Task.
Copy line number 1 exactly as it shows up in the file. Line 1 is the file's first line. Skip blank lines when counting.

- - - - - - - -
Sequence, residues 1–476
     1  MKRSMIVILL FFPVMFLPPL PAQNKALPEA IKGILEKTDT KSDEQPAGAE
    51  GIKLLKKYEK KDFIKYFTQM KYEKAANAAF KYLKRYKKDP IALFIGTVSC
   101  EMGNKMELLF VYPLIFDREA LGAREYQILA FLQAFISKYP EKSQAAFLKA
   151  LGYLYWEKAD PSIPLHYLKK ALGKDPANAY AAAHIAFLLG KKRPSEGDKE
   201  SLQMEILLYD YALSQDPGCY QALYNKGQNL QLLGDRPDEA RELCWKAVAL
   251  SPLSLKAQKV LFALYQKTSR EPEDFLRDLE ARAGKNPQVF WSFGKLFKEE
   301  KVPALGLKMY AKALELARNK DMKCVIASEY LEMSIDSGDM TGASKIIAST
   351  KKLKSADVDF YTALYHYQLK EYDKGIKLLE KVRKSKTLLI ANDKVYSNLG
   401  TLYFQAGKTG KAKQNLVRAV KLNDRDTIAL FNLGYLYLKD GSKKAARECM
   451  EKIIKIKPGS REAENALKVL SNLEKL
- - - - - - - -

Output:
Sequence, residues 1–476